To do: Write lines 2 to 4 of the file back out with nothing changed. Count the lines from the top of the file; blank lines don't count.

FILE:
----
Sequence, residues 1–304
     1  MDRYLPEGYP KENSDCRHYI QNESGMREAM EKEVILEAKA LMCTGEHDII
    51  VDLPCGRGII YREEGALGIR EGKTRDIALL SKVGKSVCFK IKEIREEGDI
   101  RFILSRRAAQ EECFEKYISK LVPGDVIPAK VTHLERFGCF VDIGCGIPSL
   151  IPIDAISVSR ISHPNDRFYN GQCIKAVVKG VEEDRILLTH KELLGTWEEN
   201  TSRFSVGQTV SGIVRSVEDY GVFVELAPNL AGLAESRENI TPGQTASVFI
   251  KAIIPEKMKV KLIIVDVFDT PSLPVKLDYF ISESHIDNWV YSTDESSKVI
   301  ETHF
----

     1  MDRYLPEGYP KENSDCRHYI QNESGMREAM EKEVILEAKA LMCTGEHDII
    51  VDLPCGRGII YREEGALGIR EGKTRDIALL SKVGKSVCFK IKEIREEGDI
   101  RFILSRRAAQ EECFEKYISK LVPGDVIPAK VTHLERFGCF VDIGCGIPSL